How To Write A Thrilling Action Hero

Die Hard is ranked in many opinions as one of the greatest Action-Adventure movies ever made. But it wouldn’t be so highly regarded if its screenplay were unimaginative. Writers Jeb Stuart and Steven E. DeSouza crafted a screenplay that moves, introduces characters fluidly, and conveys fast-paced action scenes and tension in creative and thrilling ways.

When writing your own action screenplay, it’s your job to give the hero(s) several things that will make them pop to readers and audiences, and stand the test of time.

Give Your Hero Personality

The Die Hard movies and their protagonist John McClane have been celebrated and imitated since their debut in 1988. McClane is a funny, determined, interesting hero who spits out funny witticisms and good comebacks the entire movie.

McClane talks himself through tense situations during the action of the screenplay. At one point, he pulls a fire alarm to get the authorities to come to the Nakatomi Plaza building to help him, his wife, and hostages escape. When he sees fire trucks swing off Santa Monica onto the Avenue of the Stars, he says out loud, with no one else around him, “C’mon, baby… Come to Papa. I’m gonna kiss your Goddamn dalmatian.” We’re already rooting for this hero to beat the bad guys and save the hostages, but we like him even more because he’s funny and has personality. He gives situations a different level of interest. When writing your action hero, be sure to give them a heroic sense of humor or interests characteristics as well.

Give Them Stakes

All good movies need conflict; things that keep the protagonist for achieving their desires. And most action movies need stakes that involve explosions and loved ones in dire straits. In the first act of the Die Hard screenplay, we are introduced to a jetlagged John McClane, his estranged wife Holly, with whom he’s trying to reconcile on Christmas, and his young children. When the bad guys take his wife and her coworkers hostage, it’s up to McClane to save them and stop the villains. He has to stop the bad guys, stay alive, save his wife, and see his children. These stakes give our hero goals to strive towards. As they achieve them, we cheer and hold our breath as they come face to face with another conflict that might end them. Keep your action screenplay full of intense stakes for your hero to operate under and to keep your audience invested.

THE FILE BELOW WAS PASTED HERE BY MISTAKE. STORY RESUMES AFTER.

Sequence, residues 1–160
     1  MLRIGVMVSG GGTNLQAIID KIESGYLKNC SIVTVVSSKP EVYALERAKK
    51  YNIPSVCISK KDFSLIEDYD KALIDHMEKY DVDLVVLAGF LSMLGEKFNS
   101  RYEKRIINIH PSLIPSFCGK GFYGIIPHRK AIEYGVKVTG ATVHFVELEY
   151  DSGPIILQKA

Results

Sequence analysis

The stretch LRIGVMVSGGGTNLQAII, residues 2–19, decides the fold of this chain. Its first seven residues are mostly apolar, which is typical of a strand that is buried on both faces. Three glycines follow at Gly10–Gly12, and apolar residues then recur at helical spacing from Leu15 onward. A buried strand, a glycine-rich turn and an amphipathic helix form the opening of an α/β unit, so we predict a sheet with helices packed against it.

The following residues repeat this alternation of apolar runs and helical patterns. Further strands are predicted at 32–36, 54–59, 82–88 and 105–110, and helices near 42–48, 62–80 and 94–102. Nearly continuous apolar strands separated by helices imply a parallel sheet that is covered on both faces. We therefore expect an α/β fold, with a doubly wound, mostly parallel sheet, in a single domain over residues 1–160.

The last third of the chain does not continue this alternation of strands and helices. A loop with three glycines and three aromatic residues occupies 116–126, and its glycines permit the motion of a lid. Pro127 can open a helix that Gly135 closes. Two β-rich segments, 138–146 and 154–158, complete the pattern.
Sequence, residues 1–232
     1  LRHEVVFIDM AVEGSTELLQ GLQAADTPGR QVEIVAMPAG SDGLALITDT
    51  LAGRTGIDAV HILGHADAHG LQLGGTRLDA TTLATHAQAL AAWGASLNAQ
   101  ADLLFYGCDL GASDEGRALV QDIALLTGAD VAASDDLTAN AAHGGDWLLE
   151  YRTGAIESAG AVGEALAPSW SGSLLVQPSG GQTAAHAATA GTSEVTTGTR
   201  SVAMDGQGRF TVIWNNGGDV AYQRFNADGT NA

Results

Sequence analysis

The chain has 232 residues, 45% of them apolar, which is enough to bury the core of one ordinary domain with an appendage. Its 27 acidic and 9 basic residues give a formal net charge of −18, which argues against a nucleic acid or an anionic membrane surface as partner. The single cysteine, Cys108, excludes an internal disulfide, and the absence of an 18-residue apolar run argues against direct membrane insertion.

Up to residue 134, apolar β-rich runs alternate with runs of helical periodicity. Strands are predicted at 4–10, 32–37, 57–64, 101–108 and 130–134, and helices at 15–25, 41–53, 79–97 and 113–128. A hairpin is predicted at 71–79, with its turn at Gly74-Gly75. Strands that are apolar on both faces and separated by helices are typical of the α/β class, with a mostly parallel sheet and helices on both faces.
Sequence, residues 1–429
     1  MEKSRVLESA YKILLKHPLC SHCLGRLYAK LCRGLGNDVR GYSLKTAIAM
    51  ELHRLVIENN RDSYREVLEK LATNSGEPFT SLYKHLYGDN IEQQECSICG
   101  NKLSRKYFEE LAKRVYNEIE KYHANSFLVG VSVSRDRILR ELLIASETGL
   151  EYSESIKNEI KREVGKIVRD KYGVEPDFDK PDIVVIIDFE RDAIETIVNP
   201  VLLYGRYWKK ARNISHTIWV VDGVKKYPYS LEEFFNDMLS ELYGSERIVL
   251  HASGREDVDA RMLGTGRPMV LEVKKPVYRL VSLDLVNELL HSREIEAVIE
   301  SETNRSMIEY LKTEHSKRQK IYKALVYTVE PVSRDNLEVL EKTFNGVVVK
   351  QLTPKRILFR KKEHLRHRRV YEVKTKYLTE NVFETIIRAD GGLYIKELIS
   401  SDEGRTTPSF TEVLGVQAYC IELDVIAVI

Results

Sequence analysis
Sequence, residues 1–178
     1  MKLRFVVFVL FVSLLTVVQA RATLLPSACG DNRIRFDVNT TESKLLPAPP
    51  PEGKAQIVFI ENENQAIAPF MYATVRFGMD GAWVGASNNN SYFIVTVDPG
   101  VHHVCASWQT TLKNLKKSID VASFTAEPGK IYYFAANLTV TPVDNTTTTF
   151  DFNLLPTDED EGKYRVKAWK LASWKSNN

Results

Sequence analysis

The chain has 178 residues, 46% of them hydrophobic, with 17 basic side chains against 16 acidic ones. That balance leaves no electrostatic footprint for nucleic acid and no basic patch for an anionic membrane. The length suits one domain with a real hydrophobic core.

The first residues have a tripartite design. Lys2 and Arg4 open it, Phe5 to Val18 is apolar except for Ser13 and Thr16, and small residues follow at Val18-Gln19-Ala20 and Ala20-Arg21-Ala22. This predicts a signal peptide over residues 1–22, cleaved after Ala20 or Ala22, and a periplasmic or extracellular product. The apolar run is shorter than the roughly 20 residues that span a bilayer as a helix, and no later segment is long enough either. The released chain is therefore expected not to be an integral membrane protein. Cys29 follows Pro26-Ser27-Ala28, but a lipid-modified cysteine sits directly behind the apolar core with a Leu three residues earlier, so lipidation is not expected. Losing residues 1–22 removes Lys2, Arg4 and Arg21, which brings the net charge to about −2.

Give Them Helpful and Hindering Supporting Characters

Action movies really thrive because of their casts. Bruce Willis ended up being a great John McClane, but McClane couldn’t have been that great without the characters around him. There are characters he wants to reunite with, characters he has to do battle against, and characters that help him save the day. His wife Holly, his limo driver and confidants Argyle and Sgt. Powell, his villains Gruber and his gang, and his children John Jr. and Lucy, a.k.a. Goose.

The supporting characters all help paint McClane as a multifaceted character.  He is capable of killing villains, loving his children, joking with Argyle and even the sleaze ball Ellis, and being a good man to Holly, all in the one hundred eighteen pages of the Die Hard screenplay. Be sure to give your action hero a cast that compliments them, propping them up to be the complicated protagonist that will carry the whole screenplay to victory.

Give Them A Lot of Crazy Resilience

John McClane arrives in California jetlagged and nervous about seeing Holly. Then Gruber and his goons take the plaza over and terrorize the people inside. They shoot at McClane like he’s a shooting range target, their whole time together. Even at the end when every baddie seems to have been disposed of. McClane is also barefoot during all of the action, even as he escapes a gunfight with Gruber and Franco and lodges a shard of glass into his bare foot.

Despite all the adversity he faces and near death experiences he escapes, he keeps his calm and keeps focused on the mission of stopping Gruber. He’s a crazy American cowboy who says the probably now patented “Yippe-ki-yea” while Gruber has a gun to Holly. McClane has got to be some sort of crazy, and everyone in the building under siege from Gruber sure is glad he is.

Be sure to give your protagonist heroic resilience in the face of danger, adversity, and the threat of death.  It’s another characteristic that audiences love to see exhibited by a formidable hero. And their fun as all get up to write. Who knows? You might write a heroic character that’s so compelling that they have you saying Yippe-ki-yea!